Methods for connecting multiple FE meshes in an FE model


Learn what methods are available for connecting FE meshes.

Applies to:

  • Design Analysis
  • Topology Optimization (only Tie Constraint and Rigid Connector are supported)
  • Rigid Connector
  • Tie Constraint
  • Structural Bonded Contact
  • Thermal Bonded Contact


Method 1: Rigid Connector

The Rigid Connector block can be used to define a connection between a point and the surface of a component in a simulation or optimization study. This is typically used in multi-component simulations where only the mass of the auxiliary components affects the analysis, while the geometry of these components can be neglected. These auxiliary components are modeled as Point FE Component in nTop. This can be used to reduce the size of the finite element model, improving the simulation or optimization solver's performance without compromising the results' accuracy.

This Rigid Connector system, in combination with point masses, can be used in studies where the mass participation of the components is essential, like a Modal Analysis, a Buckling Analysis, or an Optimization study (Topology or Field Optimization) with a Frequency Response as a constraint or an objective.


The block has the following inputs :

  • Point: This is where the block will create a remote point. This is typically at the center of mass of the component being represented. To learn more about the attributes that can be applied to the point, please look at the Point Attribute Learn More link.
  • Boundary: This defines the boundaries (typically nodes on a surface) that will be connected to the point with rigid elements
  • Connector: This defines the behavior of the nodes on the boundary linked to the motion of the point and has two options -
    • Rigid: The rigid option constrains the nodes on the boundary to move with the point. It prevents relative motion between the nodes on the boundary and behaves like a rigid entity. This is popularly known as the RBE2 connector that connects an independent node (green) to a set of dependent nodes (yellow)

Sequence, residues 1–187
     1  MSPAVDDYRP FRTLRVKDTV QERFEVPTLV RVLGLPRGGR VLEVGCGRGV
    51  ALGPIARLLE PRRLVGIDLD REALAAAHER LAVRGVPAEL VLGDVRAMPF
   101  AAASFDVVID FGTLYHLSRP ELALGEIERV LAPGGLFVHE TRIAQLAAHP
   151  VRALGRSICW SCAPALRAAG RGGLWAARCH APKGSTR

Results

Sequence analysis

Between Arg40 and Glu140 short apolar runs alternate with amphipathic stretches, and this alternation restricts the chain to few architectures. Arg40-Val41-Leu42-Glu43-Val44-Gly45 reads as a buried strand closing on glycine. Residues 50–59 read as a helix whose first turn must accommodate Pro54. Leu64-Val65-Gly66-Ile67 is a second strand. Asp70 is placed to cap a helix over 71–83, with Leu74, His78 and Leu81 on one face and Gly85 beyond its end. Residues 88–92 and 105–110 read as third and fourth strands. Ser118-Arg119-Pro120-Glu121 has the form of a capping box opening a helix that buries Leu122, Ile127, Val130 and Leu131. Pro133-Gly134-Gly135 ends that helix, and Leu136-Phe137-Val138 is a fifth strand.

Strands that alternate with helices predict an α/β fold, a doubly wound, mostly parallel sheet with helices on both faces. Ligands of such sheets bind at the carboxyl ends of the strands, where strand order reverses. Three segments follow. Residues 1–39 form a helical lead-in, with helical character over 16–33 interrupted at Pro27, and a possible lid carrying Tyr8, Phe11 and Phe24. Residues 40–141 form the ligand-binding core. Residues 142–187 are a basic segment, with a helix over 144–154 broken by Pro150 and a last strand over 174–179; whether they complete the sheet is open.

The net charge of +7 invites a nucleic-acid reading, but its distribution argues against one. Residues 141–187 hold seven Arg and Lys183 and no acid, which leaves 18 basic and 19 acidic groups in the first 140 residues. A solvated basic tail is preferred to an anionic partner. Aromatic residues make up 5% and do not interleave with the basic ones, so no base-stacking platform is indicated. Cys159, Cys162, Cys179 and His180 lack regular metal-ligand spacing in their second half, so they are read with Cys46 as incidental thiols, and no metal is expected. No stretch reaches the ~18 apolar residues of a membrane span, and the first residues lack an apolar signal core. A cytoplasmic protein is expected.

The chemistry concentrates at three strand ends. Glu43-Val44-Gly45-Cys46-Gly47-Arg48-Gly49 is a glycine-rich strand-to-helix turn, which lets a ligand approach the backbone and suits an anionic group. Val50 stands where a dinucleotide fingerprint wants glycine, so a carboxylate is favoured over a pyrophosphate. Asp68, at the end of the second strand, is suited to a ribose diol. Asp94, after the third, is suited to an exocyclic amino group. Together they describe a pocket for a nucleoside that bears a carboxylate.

• Flexible: This flexible option links the motion of the point to the nodes on the boundary and enables relative motion between these nodes. This distributes the mass between the nodes on the boundary and avoids locally stiffening the model (unlike the Rigid connector). This is popularly known as the RBE3 connector that connects a dependent node (yellow) to a set of independent nodes (green)


You can read about an example of using a Rigid Connector here.

Method 2: Tie Constraint

A Tie Constraint is a rigid connection that ties two nodes together. Tie constraints make the displacement of the selected nodes equivalent, effectively removing one degree of freedom from the system. 

Choose the Independent nodes and the Dependent nodes using a Boundary Selection block. The Independent boundary looks for the Dependent boundary within a specified tolerance. An error will occur if the tolerance is too low to find the boundary. This error can be fixed by increasing the tolerance or editing the boundary. The Rotation checkbox toggles the option to tie rotational degrees of freedom.

You can read here for an example of using a Tie Constraint.


Method 2: Structural Bonded Contact

A Structural Bonded Contact block is an elastic connection between the two meshes, allowing relative motion with a defined stiffness. This is usually used if you have two surfaces that are glued together with some material that has a vastly different stiffness than the connected surfaces, and that in turn allows the connected surfaces to not move completely in sync but have certain resistance between them. It's often used for calculating contact failure and to more accurately model connected/welded surfaces, but generally for any connection dictated by a finite stiffness.

The nodes are connected as if a spring of contact stiffness defined is attached between them.

The contact stiffness is suggested to be the average of two Young's moduli. 

Another method of determining the contact stiffness is k = E * A/d (where A is the contact area and d is the contact layer thickness).


Method 3: Thermal Bonded Contact

Creates a bonded contact between two FE boundaries, allowing heat flux between the two components. Contact resistance can be defined to account for a thin membrane material at the boundary, such as thermal paste. The contact resistance between two materials is often calculated from experimental tests of contact conductance. 

Click here for an example using thermal bonded contact. 


More on this topic:


 analysis mesh fe model constraint structural thermal tie connector nodes how-to bonded contact bonds connecting rbe2 rigid rbe3 flexible 
Was this article helpful?